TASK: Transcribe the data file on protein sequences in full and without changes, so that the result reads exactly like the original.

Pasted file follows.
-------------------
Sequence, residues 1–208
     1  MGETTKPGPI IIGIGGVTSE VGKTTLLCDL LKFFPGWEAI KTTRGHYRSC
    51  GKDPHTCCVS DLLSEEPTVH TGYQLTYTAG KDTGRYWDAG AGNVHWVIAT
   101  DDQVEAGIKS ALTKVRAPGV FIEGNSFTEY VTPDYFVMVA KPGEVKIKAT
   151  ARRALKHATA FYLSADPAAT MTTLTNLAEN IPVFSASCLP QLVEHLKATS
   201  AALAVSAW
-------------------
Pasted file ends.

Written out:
Sequence, residues 1–208
     1  MGETTKPGPI IIGIGGVTSE VGKTTLLCDL LKFFPGWEAI KTTRGHYRSC
    51  GKDPHTCCVS DLLSEEPTVH TGYQLTYTAG KDTGRYWDAG AGNVHWVIAT
   101  DDQVEAGIKS ALTKVRAPGV FIEGNSFTEY VTPDYFVMVA KPGEVKIKAT
   151  ARRALKHATA FYLSADPAAT MTTLTNLAEN IPVFSASCLP QLVEHLKATS
   201  AALAVSAW